Saving money is one of the most important steps toward building wealth and having secure financial security. Yet many of us have learned the importance of saving money through trial and error, and more importantly, experience.
In school, we aren’t taught about the importance of saving and many of us find that as adults, we have to fend for ourselves.
But we can start teaching our children the importance of saving from a young age. If you are a parent, here are some ways to teach your children about saving money.
1. Use piggy banks
A piggy bank can be a great way to teach your kids the importance of saving. Tell your kids that the goal is to fill up the piggy bank with dollars and coins until there is no room. Tell them the piggy bank is for saving money for the future and that the more they save, the more their money will grow.
2. Give Them Fake Money
Fake money is a great way to teach young kids about the value of money without giving them hard-earned money. Think of it as training wheels for budding consumers, with you (the parent) playing the dual role of banker and merchant. You can also give them games like monopoly.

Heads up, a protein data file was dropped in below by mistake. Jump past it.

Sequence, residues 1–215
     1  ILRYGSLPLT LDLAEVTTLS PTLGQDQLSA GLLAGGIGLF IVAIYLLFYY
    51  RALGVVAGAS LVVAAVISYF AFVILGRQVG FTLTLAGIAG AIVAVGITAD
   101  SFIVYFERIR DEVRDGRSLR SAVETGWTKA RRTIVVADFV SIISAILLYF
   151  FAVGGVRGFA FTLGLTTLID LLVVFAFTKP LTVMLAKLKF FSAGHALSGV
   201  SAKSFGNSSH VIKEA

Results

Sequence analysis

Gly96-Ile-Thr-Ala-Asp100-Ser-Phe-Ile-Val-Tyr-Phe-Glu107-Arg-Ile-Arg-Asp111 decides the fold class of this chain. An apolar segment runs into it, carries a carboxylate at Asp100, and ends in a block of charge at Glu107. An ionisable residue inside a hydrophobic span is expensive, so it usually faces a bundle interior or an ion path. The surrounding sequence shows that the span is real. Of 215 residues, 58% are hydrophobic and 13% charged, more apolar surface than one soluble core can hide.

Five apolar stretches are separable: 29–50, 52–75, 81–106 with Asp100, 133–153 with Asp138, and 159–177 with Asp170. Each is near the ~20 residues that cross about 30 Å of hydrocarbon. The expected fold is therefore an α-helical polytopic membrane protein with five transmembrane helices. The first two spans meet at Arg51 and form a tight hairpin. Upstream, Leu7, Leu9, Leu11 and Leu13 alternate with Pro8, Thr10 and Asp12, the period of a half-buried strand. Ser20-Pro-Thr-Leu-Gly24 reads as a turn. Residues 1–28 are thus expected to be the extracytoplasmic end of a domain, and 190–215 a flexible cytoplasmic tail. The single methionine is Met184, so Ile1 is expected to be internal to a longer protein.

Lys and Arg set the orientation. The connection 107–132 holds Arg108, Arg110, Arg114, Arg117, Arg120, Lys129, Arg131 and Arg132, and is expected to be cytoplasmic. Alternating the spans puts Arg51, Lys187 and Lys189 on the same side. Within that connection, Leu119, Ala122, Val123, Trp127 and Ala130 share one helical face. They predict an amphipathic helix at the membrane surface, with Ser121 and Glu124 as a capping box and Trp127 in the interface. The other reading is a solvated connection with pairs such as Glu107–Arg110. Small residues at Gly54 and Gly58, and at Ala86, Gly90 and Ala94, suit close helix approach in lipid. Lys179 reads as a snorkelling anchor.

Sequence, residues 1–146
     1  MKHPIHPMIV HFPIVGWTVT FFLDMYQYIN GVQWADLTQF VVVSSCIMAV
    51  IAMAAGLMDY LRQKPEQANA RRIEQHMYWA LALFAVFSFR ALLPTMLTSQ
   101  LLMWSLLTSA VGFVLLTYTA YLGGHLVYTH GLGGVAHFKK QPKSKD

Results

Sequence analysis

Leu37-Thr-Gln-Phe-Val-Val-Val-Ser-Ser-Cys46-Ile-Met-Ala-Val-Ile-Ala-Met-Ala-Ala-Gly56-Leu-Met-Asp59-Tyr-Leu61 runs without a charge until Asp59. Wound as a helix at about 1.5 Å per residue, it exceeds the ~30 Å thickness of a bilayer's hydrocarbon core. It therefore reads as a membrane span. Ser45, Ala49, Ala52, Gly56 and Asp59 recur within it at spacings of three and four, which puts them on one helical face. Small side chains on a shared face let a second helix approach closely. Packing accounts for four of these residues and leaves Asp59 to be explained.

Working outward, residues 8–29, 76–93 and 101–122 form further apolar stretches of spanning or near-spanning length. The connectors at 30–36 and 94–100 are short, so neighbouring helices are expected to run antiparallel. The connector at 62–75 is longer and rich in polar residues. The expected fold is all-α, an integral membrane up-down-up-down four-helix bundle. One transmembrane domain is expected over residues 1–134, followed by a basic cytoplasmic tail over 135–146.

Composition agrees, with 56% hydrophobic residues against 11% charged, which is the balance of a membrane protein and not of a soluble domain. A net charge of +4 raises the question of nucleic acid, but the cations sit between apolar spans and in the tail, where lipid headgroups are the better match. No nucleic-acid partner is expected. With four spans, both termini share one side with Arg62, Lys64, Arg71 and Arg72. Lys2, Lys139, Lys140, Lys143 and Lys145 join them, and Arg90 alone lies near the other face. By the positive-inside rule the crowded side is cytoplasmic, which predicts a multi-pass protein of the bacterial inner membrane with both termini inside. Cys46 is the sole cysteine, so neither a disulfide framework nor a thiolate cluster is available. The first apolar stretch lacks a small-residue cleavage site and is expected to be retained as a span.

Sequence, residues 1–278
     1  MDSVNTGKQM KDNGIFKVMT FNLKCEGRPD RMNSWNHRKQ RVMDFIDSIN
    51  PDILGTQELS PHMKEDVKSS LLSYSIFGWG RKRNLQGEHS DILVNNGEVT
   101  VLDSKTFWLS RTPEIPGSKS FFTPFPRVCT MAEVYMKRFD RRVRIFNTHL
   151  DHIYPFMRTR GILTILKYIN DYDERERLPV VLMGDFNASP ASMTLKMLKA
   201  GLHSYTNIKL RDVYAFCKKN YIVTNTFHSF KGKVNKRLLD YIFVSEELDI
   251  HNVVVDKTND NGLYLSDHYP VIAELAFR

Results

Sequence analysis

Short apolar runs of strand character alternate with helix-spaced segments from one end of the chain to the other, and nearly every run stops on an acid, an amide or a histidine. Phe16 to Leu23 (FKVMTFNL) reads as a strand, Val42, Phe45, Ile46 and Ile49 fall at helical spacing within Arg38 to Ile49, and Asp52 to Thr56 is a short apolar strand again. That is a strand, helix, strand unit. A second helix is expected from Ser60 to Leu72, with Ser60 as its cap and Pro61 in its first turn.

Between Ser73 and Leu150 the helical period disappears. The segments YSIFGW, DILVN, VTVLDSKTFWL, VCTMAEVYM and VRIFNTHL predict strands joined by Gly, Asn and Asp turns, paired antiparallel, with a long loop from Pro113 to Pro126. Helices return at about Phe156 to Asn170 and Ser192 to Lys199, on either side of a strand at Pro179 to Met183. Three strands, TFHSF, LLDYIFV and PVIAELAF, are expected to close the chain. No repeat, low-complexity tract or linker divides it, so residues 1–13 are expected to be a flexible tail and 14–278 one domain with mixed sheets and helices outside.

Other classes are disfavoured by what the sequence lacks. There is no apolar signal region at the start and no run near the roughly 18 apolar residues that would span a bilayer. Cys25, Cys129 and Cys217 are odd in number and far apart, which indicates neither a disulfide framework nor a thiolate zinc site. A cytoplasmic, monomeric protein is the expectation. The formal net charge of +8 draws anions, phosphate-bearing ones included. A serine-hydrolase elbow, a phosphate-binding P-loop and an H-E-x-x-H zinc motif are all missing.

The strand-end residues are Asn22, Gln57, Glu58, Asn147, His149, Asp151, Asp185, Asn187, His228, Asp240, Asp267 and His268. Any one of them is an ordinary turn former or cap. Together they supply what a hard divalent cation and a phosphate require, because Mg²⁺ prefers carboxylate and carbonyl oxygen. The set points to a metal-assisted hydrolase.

3. Discuss Wants vs. Needs
Teach them the value of saving is to help them distinguish between wants and needs. Explain that needs include the basics, such as food, shelter, and clothing, and wants are all the extras. You can use your budget as an example to make them understand how wants should take a back seat to needs in terms of spending.
4. Set an example
Children learn by example, so the best way to teach your child about saving money is to save money yourself. Have your jar of money that you put funds in regularly. When you’re out shopping, show your children how to differentiate between various prices and explain why buying one item makes better sense than another.
5. Let Them Earn Their Own Money
Rather than giving them allowance pay them for small household chores like cleaning dining tables, clean their room, etc. By this, they will learn the value of their hard work.
6. Let Them Make Their Purchases
Allow your kids to buy something they want. For example, if you’re going shopping, let them know they’ll be responsible for their souvenirs. It will cut down on them asking you to buy something, and it will teach them the value of buying things for themselves. Plus, it’ll make those decisions feel more real if they are making purchases using their own money.
7. Give them a budget
You can give them money and set a budget for a week for them and teach them how to share the percentage of funds between saving and spending. By instilling these habits while they’re young, it’ll be easier for them once they’re dealing with larger sums of money.